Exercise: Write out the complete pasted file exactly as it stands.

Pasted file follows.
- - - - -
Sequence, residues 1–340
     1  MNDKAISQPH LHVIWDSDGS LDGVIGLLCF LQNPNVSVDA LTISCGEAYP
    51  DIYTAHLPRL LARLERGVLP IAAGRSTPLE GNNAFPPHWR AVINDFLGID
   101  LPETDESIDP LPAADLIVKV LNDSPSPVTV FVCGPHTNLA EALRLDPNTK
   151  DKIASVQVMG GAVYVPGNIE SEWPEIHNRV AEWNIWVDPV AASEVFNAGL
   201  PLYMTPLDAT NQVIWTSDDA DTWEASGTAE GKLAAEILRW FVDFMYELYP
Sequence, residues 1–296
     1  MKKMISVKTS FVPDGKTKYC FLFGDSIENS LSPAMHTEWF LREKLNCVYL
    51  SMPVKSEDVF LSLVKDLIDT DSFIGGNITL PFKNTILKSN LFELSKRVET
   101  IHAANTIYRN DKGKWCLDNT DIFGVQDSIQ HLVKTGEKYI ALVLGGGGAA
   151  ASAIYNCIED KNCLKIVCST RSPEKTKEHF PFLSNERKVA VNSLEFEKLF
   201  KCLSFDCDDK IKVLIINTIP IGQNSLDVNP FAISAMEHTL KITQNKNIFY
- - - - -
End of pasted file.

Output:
Sequence, residues 1–340
     1  MNDKAISQPH LHVIWDSDGS LDGVIGLLCF LQNPNVSVDA LTISCGEAYP
    51  DIYTAHLPRL LARLERGVLP IAAGRSTPLE GNNAFPPHWR AVINDFLGID
   101  LPETDESIDP LPAADLIVKV LNDSPSPVTV FVCGPHTNLA EALRLDPNTK
   151  DKIASVQVMG GAVYVPGNIE SEWPEIHNRV AEWNIWVDPV AASEVFNAGL
   201  PLYMTPLDAT NQVIWTSDDA DTWEASGTAE GKLAAEILRW FVDFMYELYP
Sequence, residues 1–296
     1  MKKMISVKTS FVPDGKTKYC FLFGDSIENS LSPAMHTEWF LREKLNCVYL
    51  SMPVKSEDVF LSLVKDLIDT DSFIGGNITL PFKNTILKSN LFELSKRVET
   101  IHAANTIYRN DKGKWCLDNT DIFGVQDSIQ HLVKTGEKYI ALVLGGGGAA
   151  ASAIYNCIED KNCLKIVCST RSPEKTKEHF PFLSNERKVA VNSLEFEKLF
   201  KCLSFDCDDK IKVLIINTIP IGQNSLDVNP FAISAMEHTL KITQNKNIFY